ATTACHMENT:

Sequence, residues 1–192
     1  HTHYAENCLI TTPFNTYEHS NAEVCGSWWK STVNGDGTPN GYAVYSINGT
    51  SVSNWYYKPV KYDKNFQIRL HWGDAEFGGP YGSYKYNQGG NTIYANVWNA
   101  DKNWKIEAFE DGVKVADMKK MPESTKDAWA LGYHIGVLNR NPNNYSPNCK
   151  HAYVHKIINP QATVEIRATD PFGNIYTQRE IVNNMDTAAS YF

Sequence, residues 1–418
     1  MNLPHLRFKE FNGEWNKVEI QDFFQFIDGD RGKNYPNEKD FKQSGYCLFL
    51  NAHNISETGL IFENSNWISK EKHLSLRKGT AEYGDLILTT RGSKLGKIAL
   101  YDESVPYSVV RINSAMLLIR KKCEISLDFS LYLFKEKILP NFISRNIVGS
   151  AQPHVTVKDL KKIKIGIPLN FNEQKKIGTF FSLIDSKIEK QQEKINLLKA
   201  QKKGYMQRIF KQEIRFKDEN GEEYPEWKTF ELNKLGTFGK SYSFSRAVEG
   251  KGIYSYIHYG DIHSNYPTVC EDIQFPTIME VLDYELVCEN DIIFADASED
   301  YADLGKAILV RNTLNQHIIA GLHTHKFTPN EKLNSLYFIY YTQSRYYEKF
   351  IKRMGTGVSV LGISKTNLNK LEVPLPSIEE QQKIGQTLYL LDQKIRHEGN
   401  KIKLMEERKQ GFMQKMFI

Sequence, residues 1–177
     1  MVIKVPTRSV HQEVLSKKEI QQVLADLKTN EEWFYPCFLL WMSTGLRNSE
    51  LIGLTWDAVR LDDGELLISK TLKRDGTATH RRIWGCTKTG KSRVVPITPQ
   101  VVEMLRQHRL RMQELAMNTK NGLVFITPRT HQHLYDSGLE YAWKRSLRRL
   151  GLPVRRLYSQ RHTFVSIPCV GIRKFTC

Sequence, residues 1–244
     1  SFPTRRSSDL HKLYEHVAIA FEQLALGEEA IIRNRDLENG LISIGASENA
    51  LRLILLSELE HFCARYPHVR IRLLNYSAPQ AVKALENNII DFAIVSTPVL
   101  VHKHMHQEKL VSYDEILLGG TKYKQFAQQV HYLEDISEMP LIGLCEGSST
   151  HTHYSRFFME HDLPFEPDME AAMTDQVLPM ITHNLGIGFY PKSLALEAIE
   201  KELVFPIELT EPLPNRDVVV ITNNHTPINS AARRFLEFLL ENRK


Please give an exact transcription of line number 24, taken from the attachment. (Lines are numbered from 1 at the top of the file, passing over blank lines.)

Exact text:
   101  VHKHMHQEKL VSYDEILLGG TKYKQFAQQV HYLEDISEMP LIGLCEGSST